Many of these Sesquicentennial events celebrate the highest expressions of scholarship and creativity that have characterized Vassar.  In this sense, it they also provide a reaffirmation and rededication to our academic mission, and, I hope, an inspiration throughout the local and extended Vassar community. 

I wish I could also expect with the same confidence that the wider public will form from whatever awareness it will have of these events a more accurate and more meaningful sense of the great contribution that Vassar and colleges like us make to the lives of our students, and through them to the greater society in which we live.  My hesitation to expect such awareness is a result of knowing that there is much misunderstanding and even intentional distortion about the nature of the education that takes place at these institutions.  Two examples appeared these past few weeks as opinion pieces in the New York Times and the Washington Post – both of which prompted me to write replies – and hopefully either mine or others will find their way into print.

Both pieces target the institutions that are generally viewed as the most prestigious.  One piece makes economic arguments, the other curricular.  Let me say a few words about each. 

The piece that focused more on the economics of higher education is by Columbia University professor Mark Taylor and appeared in the New York Times on August 14, titled “Academic Bankruptcy.”  He identifies many of the very real financial pressures in higher education: rising tuition rates, cutbacks in spending, stressed endowments, and others, concluding that we are seeing “the collapse of public education” and the “skyrocketing cost of private education.”  He criticizes the expansion plans of his own university and that of NYU and argues that to the contrary, such institutions need to be looking for ways to reduce competition among themselves.  He says, “In today’s world, it no longer makes any sense for every school to cover every subject.” and as an example says “it is absurd for Columbia and NYU to have competing philosophy departments at a time when there are few jobs for philosophy academics,” proposing a shared graduate and undergraduate program.   I assume the justification for this suggestion implied by noting few jobs for philosophy academics is that fewer philosophy academics need be trained, but eliminating philosophy departments seems like a rather counterproductive way to address that particular problem, if indeed that is his concern.  It also ignores the tremendous value in the study of philosophy (or any other subject, for that matter) in contributing to what we seek to provide students at Vassar regardless of their areas of concentration – “the means of a thorough, well–proportioned, and liberal education” as was articulated in the very first Vassar catalogue.  In any case, his suggestion seems like a very brave proposal to be made by the chair of Columbia’s religion department – or any other department, I’d guess.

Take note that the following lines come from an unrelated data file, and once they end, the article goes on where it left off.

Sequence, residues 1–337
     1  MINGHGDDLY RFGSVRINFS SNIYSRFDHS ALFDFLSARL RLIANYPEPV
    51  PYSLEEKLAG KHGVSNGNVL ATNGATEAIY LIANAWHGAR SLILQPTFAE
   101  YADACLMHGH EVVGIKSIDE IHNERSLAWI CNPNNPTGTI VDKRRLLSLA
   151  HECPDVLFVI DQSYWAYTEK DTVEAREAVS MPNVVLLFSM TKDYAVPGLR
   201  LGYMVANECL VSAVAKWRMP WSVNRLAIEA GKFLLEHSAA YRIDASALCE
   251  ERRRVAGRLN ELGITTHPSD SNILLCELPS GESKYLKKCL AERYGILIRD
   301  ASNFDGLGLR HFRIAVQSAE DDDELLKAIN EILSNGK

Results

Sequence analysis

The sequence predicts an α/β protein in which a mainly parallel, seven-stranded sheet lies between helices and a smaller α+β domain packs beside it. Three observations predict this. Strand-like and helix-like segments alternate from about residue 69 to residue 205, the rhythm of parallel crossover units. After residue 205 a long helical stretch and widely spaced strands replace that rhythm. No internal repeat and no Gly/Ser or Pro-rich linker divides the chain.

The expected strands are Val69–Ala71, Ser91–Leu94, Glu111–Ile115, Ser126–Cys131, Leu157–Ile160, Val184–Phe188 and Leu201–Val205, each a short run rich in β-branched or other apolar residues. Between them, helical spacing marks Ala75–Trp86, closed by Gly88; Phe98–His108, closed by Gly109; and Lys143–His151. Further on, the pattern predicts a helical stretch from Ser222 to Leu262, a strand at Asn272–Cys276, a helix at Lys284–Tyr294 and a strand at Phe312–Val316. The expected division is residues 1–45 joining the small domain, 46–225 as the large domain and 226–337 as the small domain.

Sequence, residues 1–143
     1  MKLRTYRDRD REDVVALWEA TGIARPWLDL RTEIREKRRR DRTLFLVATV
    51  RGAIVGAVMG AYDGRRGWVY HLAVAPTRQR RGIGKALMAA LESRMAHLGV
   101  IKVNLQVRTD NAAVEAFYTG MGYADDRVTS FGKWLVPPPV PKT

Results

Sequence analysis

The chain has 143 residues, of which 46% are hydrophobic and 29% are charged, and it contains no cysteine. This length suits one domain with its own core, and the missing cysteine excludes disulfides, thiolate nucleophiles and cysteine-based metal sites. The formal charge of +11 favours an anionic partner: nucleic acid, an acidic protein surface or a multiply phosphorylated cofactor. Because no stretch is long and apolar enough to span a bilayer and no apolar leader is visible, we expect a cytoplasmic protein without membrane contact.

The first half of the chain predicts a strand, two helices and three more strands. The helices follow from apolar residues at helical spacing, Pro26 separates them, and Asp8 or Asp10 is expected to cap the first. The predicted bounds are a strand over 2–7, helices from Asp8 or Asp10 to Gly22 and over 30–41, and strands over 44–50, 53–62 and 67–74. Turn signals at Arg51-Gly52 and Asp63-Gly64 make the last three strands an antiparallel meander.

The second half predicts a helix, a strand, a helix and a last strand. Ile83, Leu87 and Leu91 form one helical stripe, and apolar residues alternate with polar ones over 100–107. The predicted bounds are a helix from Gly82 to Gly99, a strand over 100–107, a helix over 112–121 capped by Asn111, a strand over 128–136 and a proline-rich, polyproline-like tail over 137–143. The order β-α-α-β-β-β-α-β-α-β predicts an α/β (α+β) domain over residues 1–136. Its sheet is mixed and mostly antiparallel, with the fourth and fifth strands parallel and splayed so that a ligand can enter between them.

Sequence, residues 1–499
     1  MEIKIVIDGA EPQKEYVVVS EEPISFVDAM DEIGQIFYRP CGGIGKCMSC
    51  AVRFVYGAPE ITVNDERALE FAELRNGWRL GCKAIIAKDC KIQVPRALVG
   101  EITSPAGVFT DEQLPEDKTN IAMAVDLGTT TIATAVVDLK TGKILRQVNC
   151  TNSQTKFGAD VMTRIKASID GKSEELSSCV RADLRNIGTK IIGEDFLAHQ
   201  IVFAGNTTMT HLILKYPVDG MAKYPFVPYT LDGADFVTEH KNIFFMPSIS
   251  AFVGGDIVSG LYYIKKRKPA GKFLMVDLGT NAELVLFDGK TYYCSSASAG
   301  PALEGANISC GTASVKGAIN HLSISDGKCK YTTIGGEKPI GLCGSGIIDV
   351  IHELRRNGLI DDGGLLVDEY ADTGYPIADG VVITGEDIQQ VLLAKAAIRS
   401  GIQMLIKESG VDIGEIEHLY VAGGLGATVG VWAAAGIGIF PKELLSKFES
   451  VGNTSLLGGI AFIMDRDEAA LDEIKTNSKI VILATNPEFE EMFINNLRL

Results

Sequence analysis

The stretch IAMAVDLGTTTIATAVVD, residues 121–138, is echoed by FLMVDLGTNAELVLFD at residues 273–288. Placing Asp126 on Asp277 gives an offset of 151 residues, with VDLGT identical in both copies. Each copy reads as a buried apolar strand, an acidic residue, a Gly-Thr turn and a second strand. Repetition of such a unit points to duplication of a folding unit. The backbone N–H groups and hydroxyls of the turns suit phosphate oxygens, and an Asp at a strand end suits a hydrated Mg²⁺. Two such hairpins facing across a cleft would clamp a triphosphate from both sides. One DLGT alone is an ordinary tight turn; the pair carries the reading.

Prof. Taylor’s conclusion is that while, as he says, “American higher education has long been the envy of the world, … today our institutions are eroding from within and facing increasing competition from countries like China and India …” 

I’ll refrain from turning my remarks today into a seminar on the economics of higher education, but simply note something he doesn’t address, which is how higher education in this country achieved the position of being the envy of the world – in large part because of the resources we have devoted to it as a society, as institutions and as individuals.  It is precisely those institutions that are able and choose to expend those resources that are among the leading American institutions – including the superb and uniquely American liberal arts colleges such as Vassar.  Simply in economic terms, such leading institutions are in high demand, and rightfully so given the access to wonderful faculty, facilities and academic programs.  And such institutions also are committed to making their programs available broadly through a significant commitment to financial aid.  The best way to continue to be the envy of the world is to maintain such commitments to high quality and broad accessibility, not to erode it, as I fear Prof. Taylor’s proposals would do.